Pet Education Dogs
Pet Education Dogs Pet Education Dogs Pet Education Dogs

Pet Pharmacy & Pet Meds
Free Shipping on orders over $49
Video Center
Register your shelter with Paws for a Cause at DrsFosterSmith.com
Intussusception of the Intestines in Dogs
Veterinary & Aquatic Services Department, Drs. Foster & Smith
Digestive System
Print Article | Email Article
Bookmark and Share
Click here for a pdf version of this article.  See related products at DrsFosterSmith.com Pet Supplies

Intussusception is an uncommon but potentially life-threatening condition that can occur in dogs and cats of all ages. There are many different causes of this condition, several of which can be eliminated through good routine health practices. Treatment options are almost exclusively surgical. Surgery is often successful if the condition is caught early.

What is intussusception?

Intussusception
Intussusception is the sliding or telescoping of the intestine within itself. It occurs primarily in the small intestine but may occasionally occur in the large intestine. When the intestine slides within itself the blood supply to that section is greatly reduced and the tissue begins to swell and then die. The entire process can occur rapidly, which makes early detection and treatment essential.

Which animals are more prone to intussusceptions?

Puppies and kittens are the most likely ones to develop intussusception although it can occur in any age or species. There does not appear to be a specific breed predilection.

What causes intussusceptions?

There are several conditions that predispose a dog to developing an intussusception. Many of these conditions affect the motility of the intestine. Intussusception is seen more commonly in puppies carrying large numbers of intestinal parasites such as roundworms, hookworms, or whipworms. Viral (e.g., parvovirus in puppies) or bacterial gastroenteritis is another common cause. Pieces of plastic, bone or wood in the intestine of a dog can lead to the development of intussusception. Tumors or recent abdominal surgery may also contribute to the development of this condition.

What are the symptoms of intussusception?

When the small intestine telescopes into itself, movement of intestinal contents is partially or completely blocked, therefore, the dog or cat commonly vomits. Once the gastrointestinal tract behind the intussusception empties, stools are scant to none. Any fecal material that is passed is jelly-like, may be bloody, and not well formed. The appetite will be greatly depressed. The animal experiences severe abdominal pain, and eventually shock and then death.

How is intussusception diagnosed?

Diagnosis is usually tentatively made based on the symptoms and the palpation of a firm sausage-shaped mass in the abdomen. Diagnosis is confirmed with x-rays (usually using barium) and possibly exploratory surgery.

What are the risks associated with an intussusception?

An intussusception is serious; left untreated, it will result in death. As the intestines telescope into one another, pressure restricts blood flow to the area. Portions of the intestines therefore may actually die, and toxins and bacteria may be released into the rest of the body.

What is the treatment of intussusception?

Treatment consists of either surgically 'sliding' the telescoping portion of the intestine apart, or complete surgical removal of the intussusception. The size of the intussusception, amount of damage to the tissues, and the length of time the animal has had the condition will dictate which procedure is used. Post surgically the animal will have to go through a normal recovery period. If the intussusception is caught soon enough and the animal undergoes a successful surgery, most will recover completely. One recent study suggested that up to 25% of dogs that develop an intussusception would have a reoccurrence in the future. There is a surgical procedure called 'enteroplication' in which the loops of intestine are attached to one another and thus reduces the incidence of reoccurrence in some pets.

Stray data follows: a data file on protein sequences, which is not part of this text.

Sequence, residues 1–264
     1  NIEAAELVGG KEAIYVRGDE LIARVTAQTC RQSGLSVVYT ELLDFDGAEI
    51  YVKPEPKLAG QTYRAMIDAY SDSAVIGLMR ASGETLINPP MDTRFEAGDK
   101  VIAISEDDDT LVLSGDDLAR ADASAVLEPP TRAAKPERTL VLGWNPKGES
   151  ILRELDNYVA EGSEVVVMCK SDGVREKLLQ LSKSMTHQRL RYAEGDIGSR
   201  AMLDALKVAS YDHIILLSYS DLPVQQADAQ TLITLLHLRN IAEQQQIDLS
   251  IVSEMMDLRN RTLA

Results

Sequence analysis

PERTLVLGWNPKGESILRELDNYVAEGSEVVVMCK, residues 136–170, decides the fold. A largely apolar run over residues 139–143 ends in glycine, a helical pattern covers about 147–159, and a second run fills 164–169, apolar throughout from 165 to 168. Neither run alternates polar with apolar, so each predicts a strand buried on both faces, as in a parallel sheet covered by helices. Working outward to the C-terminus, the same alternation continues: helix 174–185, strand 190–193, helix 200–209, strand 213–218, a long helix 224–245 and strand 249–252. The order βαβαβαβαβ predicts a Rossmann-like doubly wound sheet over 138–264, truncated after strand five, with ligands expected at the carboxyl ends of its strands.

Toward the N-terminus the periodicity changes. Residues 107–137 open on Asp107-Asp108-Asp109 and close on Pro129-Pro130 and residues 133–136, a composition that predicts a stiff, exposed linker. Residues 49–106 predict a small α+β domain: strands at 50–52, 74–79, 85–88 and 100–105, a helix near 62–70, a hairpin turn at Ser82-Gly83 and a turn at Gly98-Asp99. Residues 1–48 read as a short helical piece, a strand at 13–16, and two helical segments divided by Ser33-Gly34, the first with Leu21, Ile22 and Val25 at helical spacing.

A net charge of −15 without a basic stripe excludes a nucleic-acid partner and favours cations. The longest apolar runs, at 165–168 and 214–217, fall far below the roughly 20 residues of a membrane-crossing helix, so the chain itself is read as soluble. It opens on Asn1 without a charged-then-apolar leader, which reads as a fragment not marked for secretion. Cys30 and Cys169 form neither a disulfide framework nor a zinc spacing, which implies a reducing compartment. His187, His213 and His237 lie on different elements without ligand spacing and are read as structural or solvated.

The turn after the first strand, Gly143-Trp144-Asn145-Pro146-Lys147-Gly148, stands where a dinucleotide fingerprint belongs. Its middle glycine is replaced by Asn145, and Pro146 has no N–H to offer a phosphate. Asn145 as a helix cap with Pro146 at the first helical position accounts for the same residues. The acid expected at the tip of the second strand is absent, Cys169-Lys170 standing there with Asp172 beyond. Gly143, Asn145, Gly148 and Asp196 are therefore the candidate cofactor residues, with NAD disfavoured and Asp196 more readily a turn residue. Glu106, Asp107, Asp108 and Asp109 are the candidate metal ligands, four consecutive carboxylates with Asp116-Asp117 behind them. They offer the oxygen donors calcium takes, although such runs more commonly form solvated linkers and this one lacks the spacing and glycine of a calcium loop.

What can be done to prevent an intussusception?

If the owner follows good deworming and vaccinating programs as well as preventing access to foreign bodies, the incidence of intussusception can be reduced. Early recognition and treatment of other intestinal diseases can also help minimize the chance of an intussusception. Finally, if the owner recognizes the symptoms of an intussusception early, and the animal receives prompt veterinary care, most animals can be successfully treated.

 
 
References and Further Reading

Bojrab, J. Current Techniques in Small Animal Surgery, 4th edition. Williams & Wilkins. Baltimore, MD; 1990. 

Click here for a pdf version of this article.  See related products at DrsFosterSmith.com Pet Supplies  
Print Article | Email Article
 
 
Acidophilus+
Acidophilus+
As low as $7.99
 
Drs. Foster & Smith Probiotic +Plus Chewables
Drs. Foster & Smith Probiotic +Plus Chewables
As low as $15.99
 
Prozyme
Prozyme
As low as $21.99
 
Vetri-Probiotic BD™ Digestive Aid
Vetri-Probiotic BD™ Digestive Aid
As low as $16.99
 

Facebook YouTube Blog Connect with us

Subscribe to email newsletters:
featuring helpful articles, tips and online only product specials from Drs. Foster & Smith. Learn more here !

About Us Article Reprints Awards & Memberships Request a FREE Catalog Tell a Friend
Meet Our Staff Terms & Use Site Map Free Newsletters Links to Us
Visit our other websites: Doctors Foster and Smith Pet Supplies LiveAquaria.com - Quality Aquatic Life Direct to Your Door
For product information, call 1-800-826-7206

Copyright © 1997-2013, Foster and Smith, Inc. - 2253 Air Park Road, P.O. Box 100, Rhinelander, Wisconsin, 54501. All rights reserved.